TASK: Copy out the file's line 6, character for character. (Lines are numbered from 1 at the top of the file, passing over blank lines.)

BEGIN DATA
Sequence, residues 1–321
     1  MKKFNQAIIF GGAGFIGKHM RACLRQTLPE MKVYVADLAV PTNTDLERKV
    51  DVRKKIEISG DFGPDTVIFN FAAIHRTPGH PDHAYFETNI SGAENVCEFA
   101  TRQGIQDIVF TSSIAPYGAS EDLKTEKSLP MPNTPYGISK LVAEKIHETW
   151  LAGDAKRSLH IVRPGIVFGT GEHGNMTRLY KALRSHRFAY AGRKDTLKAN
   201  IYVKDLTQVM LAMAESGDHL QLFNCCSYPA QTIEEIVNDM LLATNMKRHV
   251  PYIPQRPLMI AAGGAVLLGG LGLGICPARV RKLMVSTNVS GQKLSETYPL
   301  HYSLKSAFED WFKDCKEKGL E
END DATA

   201  IYVKDLTQVM LAMAESGDHL QLFNCCSYPA QTIEEIVNDM LLATNMKRHV